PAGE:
Hedi Slimane may have left Yves Saint Laurent in March with his successor, Anthony Vaccarello, slated to make his debut this evening, but that does not mean that the Paris-based design house is not still reaping some of the benefits of its polarizing former creative director. Case in point: the slew of new patents that YSL has been awarded since Slimane left for designs from his tenure at the famed fashion house.
Despite the fact that Slimane is listed as the “inventor” of each of the footwear and handbag designs protected by roughly 15 recently issued design patents – including but not limited to the Star-Embellished High-Top Leather Trainer, 40 Side Stars Ankle Boot, Studded Fringe Cat Boot, SANTIAG 40 Strap Boots, Signature Court Classic Sl/18H Fringed Sneaker, Monogram Cabas Bag, 5 Fragments Zip Pouch, Anita Fringe Crossbody Bag, Monogramme Bourse Mini Fringed Leather Bucket Bag – YSL owns them. This means that YSL – and YSL alone – has the exclusive right to manufacture and sell the designs at issue and the right to prevent others from making, using, or selling products that resemble the patented products.
A bit of background on design patents in fashion: Compared to both trademark and copyright protection, for which is relatively inexpensive to register, patents are costly; recent reports suggest a patent (and the corresponding legal fees) will cost you upwards of $10,000. The turnaround time – or the pendency, the term that refers to the time taken between the filing and issuance of a design patent – tends to be about 18 months, with some taking quite a bit longer. As such, we tend to see such protection sought only by brands for their staple items, and/or ones that they intend to push as hot selling items.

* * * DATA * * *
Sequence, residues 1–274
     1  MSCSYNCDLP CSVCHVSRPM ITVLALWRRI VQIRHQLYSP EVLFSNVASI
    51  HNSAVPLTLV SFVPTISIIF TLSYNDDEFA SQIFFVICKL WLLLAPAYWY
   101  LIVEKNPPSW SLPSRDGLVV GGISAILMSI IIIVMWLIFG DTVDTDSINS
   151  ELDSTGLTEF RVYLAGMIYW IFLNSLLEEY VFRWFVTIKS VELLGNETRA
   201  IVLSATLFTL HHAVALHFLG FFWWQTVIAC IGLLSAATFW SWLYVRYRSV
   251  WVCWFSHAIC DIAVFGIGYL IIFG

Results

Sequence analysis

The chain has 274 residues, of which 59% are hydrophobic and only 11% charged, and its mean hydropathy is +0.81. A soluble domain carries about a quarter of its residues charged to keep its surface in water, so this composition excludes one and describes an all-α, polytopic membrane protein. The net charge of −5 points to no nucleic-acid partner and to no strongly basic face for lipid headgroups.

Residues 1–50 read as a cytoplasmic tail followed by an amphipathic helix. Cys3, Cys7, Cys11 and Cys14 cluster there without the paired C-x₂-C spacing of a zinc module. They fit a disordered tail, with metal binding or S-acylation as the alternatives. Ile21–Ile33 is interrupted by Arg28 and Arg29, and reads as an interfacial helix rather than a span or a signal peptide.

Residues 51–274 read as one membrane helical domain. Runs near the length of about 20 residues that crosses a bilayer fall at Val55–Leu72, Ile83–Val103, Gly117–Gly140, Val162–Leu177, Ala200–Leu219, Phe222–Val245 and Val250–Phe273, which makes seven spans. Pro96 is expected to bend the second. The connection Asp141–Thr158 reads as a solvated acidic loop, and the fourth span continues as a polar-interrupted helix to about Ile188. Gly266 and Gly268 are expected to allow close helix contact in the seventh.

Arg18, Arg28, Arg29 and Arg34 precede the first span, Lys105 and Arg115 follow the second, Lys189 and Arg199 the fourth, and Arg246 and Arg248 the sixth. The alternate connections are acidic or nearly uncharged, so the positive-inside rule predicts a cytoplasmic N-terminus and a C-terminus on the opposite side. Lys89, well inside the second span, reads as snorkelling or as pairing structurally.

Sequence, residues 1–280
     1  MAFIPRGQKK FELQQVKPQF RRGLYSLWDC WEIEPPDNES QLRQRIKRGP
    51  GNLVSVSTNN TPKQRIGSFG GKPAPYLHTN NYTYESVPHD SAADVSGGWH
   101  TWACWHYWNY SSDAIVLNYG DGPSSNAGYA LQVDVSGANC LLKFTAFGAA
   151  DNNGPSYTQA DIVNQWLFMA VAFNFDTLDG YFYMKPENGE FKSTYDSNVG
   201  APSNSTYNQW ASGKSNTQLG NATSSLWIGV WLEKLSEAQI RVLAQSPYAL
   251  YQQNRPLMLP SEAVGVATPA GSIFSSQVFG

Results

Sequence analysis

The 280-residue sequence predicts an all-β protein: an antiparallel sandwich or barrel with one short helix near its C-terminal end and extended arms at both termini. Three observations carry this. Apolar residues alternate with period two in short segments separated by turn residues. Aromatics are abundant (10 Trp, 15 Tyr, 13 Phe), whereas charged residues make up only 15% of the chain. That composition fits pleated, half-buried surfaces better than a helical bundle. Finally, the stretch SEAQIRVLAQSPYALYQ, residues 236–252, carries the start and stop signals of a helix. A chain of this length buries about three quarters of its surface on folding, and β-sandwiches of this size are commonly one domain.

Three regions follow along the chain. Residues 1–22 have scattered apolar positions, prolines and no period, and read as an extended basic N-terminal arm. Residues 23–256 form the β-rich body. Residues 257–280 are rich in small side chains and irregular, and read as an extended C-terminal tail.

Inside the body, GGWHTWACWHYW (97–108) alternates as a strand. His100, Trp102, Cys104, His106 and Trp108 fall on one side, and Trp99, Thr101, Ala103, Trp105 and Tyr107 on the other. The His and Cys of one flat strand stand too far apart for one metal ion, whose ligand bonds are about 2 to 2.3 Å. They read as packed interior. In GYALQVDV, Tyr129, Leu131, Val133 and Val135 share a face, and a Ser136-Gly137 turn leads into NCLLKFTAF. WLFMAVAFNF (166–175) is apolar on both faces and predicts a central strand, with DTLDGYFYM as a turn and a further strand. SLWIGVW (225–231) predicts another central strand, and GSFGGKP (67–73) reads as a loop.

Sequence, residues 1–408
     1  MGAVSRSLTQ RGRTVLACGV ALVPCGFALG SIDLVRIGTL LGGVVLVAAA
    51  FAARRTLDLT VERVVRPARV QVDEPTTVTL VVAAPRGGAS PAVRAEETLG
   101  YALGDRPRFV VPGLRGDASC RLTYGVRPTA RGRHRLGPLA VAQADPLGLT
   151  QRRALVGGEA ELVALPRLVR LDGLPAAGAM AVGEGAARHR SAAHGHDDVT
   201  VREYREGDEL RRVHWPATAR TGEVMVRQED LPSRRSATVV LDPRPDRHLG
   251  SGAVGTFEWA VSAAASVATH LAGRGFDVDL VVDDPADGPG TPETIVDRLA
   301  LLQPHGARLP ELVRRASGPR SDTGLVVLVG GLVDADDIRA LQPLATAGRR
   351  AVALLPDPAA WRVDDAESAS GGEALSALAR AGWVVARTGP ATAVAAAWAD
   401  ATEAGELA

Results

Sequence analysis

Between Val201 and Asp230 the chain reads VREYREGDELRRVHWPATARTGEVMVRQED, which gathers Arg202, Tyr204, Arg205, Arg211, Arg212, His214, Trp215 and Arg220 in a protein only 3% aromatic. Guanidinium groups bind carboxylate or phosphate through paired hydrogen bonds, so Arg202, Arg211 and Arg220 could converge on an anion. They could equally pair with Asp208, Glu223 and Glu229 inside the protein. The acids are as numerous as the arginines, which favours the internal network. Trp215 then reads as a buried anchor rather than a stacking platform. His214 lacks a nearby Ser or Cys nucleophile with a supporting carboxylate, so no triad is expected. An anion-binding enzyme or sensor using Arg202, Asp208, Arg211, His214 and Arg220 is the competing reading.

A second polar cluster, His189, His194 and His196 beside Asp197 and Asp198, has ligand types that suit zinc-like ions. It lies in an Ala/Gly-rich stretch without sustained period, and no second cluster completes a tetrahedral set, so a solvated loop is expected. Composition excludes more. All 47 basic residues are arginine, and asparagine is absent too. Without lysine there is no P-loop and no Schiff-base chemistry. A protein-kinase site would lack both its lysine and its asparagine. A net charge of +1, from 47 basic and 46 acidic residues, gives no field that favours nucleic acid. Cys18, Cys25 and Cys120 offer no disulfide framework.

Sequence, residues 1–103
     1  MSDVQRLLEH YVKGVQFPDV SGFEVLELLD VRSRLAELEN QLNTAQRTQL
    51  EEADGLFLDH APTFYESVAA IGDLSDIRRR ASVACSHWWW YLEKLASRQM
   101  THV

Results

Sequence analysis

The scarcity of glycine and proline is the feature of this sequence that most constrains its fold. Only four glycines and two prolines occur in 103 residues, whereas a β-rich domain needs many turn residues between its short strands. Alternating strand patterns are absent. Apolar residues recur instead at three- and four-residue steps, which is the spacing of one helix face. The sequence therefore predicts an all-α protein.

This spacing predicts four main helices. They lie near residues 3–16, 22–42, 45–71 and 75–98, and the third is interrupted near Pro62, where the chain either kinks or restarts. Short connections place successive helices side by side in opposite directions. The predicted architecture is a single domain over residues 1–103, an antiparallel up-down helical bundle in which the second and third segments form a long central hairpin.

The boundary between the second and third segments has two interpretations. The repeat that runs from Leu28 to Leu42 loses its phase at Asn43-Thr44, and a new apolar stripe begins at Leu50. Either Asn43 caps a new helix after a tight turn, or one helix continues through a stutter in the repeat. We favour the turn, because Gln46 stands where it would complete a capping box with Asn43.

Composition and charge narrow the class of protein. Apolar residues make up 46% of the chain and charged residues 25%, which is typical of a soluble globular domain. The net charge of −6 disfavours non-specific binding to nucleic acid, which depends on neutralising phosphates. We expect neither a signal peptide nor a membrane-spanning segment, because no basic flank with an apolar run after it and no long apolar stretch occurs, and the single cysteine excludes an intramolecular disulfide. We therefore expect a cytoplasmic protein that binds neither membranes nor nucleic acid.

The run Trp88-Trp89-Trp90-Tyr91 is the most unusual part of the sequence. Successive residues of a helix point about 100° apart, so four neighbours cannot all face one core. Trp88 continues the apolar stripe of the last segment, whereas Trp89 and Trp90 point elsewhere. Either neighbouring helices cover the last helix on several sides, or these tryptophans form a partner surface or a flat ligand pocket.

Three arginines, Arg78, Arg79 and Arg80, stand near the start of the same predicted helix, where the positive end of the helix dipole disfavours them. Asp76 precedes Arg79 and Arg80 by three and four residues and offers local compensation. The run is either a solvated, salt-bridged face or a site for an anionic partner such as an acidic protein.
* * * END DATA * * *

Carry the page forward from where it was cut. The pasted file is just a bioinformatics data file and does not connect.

This seems to suggest one of two things for YSL: Either YSL is left with a somewhat bad investment (due to no real fault of its own) in designs that will be discontinued given its change in creative direction. It is worth noting that the house filed the majority of these patent applications in 2014 and 2015 long before rumors of Slimane’s potential departure began to swirl in early 2016. YSL could legally continue to market and sell these items, as it is the rightful owner of the design patents, and so, the other possibility is that YSL might keep these Slimane-era designs in stock even after Vaccarello makes his debut, given the rather significant investment it has made in them.
The latter option seems quite likely – at least to an extent – considering that a Slimane-designed bag appears in a recently released Saint Laurent campaign, which was produced under the direction of Vaccarello. Moreover, if we look to Gucci, another brand under the Kering umbrella with YSL, there are some clues. Since ousting Alessandro Michele’s predecessor, Frida Gianini, the brand has continued to stock an array of her designs despite a shift in executive-level talent and a very drastic shift in aesthetic.
BoF reported that late last year, in November “only 25 percent of the leather goods on the shop floor [were] from Michele’s collections, with the majority from previous creative director Frida Giannini’s reign. By February 2016, Michele’s share of what [CEO Marco] Bizzarri terms ‘the bulk of the business’ will rise to 50 to 60 percent.” As of this month, a spokesman from Gucci confirmed to TFL that “the most recent statement on this topic is from the Kering conference call held on July 28 about the Q2/H1 results, which held that the weight of the new collections, meaning Alessandro Michele’s collections, represented approximately 70 percent in Gucci Q2 revenues.”
While Saint Laurent’s General Counsel is unable to comment on creative decisions in relation to the house, she did note that Saint Laurent’s increasing success on a global scale has resulted in an elevated level of attention to intellectual property protections. She further noted that “IP protection is evidently key in such a challenging moment for our Brand.”